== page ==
Fraud is generally defined as an act done with the intent to deceive or misrepresent others in order to attain or secure some unlawful gain or deprive a victim of a legal right. Different courts, states, and bodies of law throughout our country have their own unique causes of action based in fraud, or where fraud is the primary allegation.
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The Rigsby sisters have now prevailed in the highest court of the land in their decade long fight against State Farm.1 The Rigsby sisters were catastrophe adjusters working for State Farm on Hurricane Katrina claims. I have noted this case for some time:


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One of the last remaining Hurricane Katrina cases is the Qui Tam litigation involving the Rigsby sisters’ allegations that State Farm fraudulently overcharged the government when handling NFIP flood claims. The Rigsby sisters alleged State Farm overpaid NFIP flood claims it adjusted to reduce the amount owed under the all risk policies State Farm issued. A jury verdict this week found that State Farm was fraudulent in its claims conduct when adjusting National Flood Insurance claims.


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Slabbed has been dogged regarding its reporting on the Mississippi qui tam litigation involving State Farm. A recent post, Rigsbys file “Motion to Reconsider Scope of Proceedings in Light of Evidence Adduced in Discovery” – ask Court for additional time to conduct Discovery into “the Scheme,” provides some insight regarding the flood adjustment techniques required by National Flood versus how flood adjusters in the field actually do their job.


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The Gulf Coast has hot and calm days that are merciless for those on the water. I recall my teenage years in Mississippi, stripping to briefs and jumping off a sailboat that was going nowhere fast on a calm morning race in Mobile Bay. I was thinking about that while attending a deposition of Chris McIntosh in Gulfport yesterday and after reading emails from marine engineers who suggest that it will take several months, rather than weeks, for the worst of the oil spill onslaught to reach Florida.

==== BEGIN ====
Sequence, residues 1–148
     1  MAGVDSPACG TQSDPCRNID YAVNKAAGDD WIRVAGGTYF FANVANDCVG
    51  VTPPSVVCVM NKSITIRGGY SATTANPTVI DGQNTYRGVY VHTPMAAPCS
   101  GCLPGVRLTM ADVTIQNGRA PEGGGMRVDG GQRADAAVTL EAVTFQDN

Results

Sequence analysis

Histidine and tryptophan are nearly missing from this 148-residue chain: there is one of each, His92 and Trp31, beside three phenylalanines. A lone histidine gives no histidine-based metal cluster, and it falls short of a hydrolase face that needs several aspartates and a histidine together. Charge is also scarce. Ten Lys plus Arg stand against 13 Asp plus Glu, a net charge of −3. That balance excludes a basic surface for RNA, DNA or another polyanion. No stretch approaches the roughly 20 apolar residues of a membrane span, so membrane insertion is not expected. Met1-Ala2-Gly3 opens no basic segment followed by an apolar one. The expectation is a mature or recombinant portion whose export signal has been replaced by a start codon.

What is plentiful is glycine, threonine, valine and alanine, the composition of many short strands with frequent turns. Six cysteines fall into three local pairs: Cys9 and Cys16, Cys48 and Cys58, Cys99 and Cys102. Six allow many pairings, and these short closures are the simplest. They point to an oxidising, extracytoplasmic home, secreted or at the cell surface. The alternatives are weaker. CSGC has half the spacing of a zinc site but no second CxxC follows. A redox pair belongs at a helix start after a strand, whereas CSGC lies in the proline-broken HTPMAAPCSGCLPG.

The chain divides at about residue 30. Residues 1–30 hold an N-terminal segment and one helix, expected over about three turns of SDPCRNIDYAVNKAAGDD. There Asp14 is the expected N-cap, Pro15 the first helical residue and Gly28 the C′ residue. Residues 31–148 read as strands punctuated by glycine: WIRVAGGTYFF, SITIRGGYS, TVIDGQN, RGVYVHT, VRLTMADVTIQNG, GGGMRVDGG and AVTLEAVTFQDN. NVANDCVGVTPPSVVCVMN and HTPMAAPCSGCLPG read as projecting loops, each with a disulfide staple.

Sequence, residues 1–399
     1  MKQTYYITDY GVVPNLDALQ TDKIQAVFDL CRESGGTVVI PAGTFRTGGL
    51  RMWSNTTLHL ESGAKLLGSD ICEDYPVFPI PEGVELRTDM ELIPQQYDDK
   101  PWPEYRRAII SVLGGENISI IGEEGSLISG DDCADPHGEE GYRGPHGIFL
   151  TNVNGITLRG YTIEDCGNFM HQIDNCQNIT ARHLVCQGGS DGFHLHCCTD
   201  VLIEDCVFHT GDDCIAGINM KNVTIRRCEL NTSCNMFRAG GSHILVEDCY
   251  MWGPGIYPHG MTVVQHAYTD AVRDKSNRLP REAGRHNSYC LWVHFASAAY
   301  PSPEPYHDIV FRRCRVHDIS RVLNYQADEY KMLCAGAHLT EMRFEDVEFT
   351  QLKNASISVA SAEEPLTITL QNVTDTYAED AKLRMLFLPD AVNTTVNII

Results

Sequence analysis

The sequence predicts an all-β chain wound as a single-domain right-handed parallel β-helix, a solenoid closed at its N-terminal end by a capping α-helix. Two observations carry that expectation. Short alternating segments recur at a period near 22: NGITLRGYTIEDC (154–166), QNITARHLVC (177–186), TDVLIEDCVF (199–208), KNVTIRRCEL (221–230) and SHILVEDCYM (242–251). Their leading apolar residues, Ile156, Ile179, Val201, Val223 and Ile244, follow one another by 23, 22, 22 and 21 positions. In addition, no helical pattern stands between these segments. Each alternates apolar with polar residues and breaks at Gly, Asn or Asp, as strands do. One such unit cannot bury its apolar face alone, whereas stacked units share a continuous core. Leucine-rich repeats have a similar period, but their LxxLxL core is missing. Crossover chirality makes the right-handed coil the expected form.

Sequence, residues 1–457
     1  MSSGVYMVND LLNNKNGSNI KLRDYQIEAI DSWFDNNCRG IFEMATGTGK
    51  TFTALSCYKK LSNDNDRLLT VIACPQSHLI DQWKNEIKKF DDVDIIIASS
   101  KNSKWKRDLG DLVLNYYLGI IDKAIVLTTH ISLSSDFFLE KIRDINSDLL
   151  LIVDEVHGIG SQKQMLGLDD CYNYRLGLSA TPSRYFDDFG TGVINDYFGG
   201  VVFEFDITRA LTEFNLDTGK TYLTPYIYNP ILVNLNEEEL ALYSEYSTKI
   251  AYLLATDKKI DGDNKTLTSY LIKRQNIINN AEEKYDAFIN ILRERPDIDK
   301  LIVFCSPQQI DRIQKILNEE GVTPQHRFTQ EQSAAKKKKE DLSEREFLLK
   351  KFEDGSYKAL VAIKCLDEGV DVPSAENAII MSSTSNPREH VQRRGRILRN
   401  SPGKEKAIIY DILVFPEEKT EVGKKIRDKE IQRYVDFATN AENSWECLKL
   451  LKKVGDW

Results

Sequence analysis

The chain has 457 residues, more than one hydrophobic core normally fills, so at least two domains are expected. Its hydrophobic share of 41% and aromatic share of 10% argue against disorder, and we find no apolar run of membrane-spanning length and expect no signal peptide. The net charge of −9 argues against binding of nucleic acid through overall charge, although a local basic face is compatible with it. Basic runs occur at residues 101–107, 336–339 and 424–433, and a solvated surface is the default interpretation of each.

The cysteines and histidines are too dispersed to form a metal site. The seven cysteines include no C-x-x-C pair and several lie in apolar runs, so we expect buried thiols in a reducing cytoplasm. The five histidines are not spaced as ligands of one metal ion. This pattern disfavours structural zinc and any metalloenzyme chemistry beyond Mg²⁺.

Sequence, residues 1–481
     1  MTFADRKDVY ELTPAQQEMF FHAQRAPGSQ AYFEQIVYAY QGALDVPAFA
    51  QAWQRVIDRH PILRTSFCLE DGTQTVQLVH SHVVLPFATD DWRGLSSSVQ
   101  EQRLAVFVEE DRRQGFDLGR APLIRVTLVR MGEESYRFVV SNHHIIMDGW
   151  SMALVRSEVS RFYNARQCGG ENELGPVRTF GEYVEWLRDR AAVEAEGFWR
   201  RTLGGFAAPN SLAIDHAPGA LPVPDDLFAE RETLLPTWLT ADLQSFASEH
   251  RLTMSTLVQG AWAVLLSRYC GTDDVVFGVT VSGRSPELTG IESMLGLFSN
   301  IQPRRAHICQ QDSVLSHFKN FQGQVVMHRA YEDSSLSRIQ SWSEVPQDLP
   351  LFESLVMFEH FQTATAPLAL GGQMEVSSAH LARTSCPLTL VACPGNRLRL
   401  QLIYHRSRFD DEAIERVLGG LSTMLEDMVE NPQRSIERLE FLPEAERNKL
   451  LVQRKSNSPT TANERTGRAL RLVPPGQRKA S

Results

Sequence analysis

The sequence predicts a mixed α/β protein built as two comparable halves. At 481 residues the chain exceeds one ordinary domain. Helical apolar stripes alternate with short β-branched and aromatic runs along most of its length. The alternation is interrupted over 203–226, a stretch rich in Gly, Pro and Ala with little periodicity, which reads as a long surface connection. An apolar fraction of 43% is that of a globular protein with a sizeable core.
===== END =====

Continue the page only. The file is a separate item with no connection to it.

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Some Mondays are more interesting than others. When I go to conferences with adjusters, I make a point to ask about "in the street" information on insurers I am litigating against. The information and leads to witnesses or evidence are often extremely valuable to my clients. Adjusters know when the orders from claims management are wrong and aimed at paying less than what is fairly owed. Most want to disclose facts about insurers that wrongly demand underpayment.


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An important evidentiary hearing concerning alleged wrongful claims practices is taking place in Mississippi. Since the allegations partially involve an insurance company obtaining altered or biased reports from experts, it should be studied by those with similar concerns in other areas of the country. The primary issue in this case is whether State Farm adjusted flood losses so that the Federal Government paid too much on those flood claims through the National Flood Program. The lawsuit contends that State Farm had a motive for doing so because it could minimize the amount owed under its own all risk insurance policies which exclude flood damage.

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There are still a number of Hurricane Katrina cases we are actively litigating in Mississippi. One of the cases being followed closely by Slabbed is the Qui Tam litigation, brought by the two Rigsby sisters that worked for State Farm following catastrophes. The Rigsbys claim that the federal government paid more in National Flood payments than what was owed because State Farm altered engineering reports and made outcome oriented adjustments, which maximized flood related damaged so that the amounts paid under State Farm’s policies would be minimized.


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